Do you have trouble finding your voice?
I will always remember the guy who told me ‘my partner won’t talk to him.’.
I replied what if you change ‘won’t’ to ‘can’t?’
He paused and the realisation came.
She can’t talk to him and its was not an active choice. I know myself from personal and professional experience that finding our voice for the difficult stuff can be challenging..
The body has a sophisticated survival mechanism that can shut down under threat and the speech region can not be accessed.
Speechless terror exists and it doesn’t just happen on stages. It can happen with the people you live with or meet out and about.
It can happen in social anxiety or when we get into conversations that are triggering. It could be conflict, pain or shame that sets off alarm bells. Resulting in people saying “I don’t want to talk about it” or avoiding, or blowing up.
Nothing can then get resolved without honest communication and things get stuck and relationships slowly break down.
Anxiety and trauma can stop the words coming out. I used to be the same. I learnt to write letters for the tough stuff and with therapy could eventually talk about stuff, as my body learnt to cope with the discomfort and not shut down.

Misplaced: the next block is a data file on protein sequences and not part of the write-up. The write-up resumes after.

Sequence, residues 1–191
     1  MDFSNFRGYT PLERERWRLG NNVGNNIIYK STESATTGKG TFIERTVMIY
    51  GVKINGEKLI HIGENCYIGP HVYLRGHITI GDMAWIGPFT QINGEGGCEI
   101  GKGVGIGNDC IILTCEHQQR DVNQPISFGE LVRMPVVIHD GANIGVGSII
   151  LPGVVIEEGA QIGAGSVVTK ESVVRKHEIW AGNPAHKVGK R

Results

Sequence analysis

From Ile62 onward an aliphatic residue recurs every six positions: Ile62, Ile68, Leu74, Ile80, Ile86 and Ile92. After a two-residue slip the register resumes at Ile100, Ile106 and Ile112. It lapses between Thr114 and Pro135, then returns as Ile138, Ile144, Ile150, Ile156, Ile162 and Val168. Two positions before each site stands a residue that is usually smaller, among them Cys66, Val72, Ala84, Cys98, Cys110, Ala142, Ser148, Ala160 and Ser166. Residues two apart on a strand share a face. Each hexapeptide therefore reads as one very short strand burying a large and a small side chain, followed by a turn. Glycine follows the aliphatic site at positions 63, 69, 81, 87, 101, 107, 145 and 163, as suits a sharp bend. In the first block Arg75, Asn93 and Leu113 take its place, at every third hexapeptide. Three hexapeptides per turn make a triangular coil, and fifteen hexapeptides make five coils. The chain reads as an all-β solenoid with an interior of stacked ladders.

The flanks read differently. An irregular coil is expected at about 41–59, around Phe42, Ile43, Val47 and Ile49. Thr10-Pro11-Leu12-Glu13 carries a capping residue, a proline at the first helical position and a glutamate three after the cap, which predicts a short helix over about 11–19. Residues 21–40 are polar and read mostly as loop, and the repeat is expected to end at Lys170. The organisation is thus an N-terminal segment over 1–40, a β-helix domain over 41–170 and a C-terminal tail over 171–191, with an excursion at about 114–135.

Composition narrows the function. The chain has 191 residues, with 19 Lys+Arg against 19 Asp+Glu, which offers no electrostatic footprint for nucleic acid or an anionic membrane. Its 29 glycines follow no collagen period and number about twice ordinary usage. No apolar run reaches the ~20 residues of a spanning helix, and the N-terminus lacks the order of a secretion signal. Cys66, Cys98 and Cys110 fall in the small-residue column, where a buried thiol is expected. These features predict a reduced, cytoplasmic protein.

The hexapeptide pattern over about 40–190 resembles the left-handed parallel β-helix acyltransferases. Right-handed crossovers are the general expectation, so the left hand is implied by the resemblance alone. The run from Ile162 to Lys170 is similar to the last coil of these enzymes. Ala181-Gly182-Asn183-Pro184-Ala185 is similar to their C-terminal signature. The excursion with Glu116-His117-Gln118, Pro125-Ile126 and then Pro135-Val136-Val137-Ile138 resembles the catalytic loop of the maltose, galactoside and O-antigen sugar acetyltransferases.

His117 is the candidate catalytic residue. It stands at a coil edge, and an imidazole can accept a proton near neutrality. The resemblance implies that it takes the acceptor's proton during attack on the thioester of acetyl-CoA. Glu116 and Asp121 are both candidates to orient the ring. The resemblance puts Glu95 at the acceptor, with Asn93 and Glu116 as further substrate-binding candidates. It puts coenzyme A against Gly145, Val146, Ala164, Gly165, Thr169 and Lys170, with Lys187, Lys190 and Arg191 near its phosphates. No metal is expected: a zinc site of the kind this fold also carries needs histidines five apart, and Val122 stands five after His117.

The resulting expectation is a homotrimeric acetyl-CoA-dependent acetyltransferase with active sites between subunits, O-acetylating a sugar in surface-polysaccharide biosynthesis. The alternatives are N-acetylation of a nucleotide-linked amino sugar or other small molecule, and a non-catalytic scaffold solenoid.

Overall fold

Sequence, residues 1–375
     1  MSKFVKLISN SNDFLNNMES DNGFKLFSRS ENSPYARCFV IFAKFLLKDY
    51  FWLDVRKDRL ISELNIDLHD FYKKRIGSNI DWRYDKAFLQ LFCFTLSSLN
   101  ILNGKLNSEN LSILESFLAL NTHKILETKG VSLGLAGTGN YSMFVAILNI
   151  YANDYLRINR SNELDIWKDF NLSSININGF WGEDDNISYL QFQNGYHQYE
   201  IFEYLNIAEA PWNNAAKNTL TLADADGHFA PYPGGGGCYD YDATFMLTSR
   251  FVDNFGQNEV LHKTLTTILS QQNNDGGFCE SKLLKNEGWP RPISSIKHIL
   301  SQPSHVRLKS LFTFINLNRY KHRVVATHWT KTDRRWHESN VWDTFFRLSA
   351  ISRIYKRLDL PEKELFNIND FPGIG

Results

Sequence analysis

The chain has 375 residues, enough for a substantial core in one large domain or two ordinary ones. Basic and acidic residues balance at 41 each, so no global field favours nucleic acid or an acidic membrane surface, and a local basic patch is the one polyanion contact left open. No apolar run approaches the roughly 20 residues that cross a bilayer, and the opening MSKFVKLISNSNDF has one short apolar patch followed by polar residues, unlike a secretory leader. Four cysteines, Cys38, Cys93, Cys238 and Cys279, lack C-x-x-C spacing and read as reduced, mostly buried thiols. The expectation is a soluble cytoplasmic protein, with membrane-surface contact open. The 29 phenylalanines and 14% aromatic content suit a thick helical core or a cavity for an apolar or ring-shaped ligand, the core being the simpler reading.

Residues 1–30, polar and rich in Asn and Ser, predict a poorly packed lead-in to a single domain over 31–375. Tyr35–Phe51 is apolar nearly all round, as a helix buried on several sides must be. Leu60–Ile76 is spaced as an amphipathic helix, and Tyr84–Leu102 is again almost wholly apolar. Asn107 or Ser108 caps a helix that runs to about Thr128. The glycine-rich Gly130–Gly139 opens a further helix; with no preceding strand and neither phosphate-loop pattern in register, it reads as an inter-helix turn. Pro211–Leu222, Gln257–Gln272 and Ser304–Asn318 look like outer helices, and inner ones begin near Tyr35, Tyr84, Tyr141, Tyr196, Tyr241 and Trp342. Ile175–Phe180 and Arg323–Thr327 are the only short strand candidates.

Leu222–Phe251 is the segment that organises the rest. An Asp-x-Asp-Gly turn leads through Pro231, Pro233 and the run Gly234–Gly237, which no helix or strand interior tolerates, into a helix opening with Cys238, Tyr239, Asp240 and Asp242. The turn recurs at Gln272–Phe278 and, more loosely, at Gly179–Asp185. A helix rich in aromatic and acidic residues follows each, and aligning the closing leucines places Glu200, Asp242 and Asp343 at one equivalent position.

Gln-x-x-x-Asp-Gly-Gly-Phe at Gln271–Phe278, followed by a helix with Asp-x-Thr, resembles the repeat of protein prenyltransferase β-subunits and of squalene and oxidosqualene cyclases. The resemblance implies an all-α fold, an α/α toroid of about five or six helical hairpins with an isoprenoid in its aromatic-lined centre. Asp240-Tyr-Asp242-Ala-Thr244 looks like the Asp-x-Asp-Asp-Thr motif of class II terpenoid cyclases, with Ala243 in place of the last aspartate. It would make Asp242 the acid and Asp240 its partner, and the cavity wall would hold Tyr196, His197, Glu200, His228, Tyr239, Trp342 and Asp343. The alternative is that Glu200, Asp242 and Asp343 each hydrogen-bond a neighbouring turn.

Lots of us may have learnt to stay quiet as children to stay safe. Sadly as adults that survival mechanism keeps us quiet and safe but also stuck and we may struggle to set boundaries.
It can take time to find your voice and heal, I often ask “Who listened to you as a child, who was safe to talk about feelings to”. Often the answer is nobody.
Often we can be raised by emotionally absent parents or abusive parents and as children, we did not have enough safety. We may have been punished, shamed, hit even, or sent to our room rejected or ignored all of these have an impact on how we navigate the world.
Finding your voice might be a sign some healing is required. Its can be hard to be vulnerable and let someone into your inner world. We need to feel safe enough to do that. I speak from my own struggles as well as a professional whose studied trauma for decades. You might be a safe person for your loved one but history has wired us up for survival
So if you can’t find your voice or someone else is struggling, please know it could take time and pressuring them does not help. Writing might be a way to over ride the survival response and can be a fantastic tool to slow things down..
I ask clients to get used to how it feels in their body as they find their voice. Very slowly they find enough safety to access that Broca’s speech region. The creative imaginative parts of the brain in the prefrontal cortex can also be asked when we are calm enough, these are required to help us come up with questions for conversations. That on the spot thinking.
To not be a frozen bunny in head lights can take time, I know its absolutely possible to heal and find your voice.
Its absolutely life changing!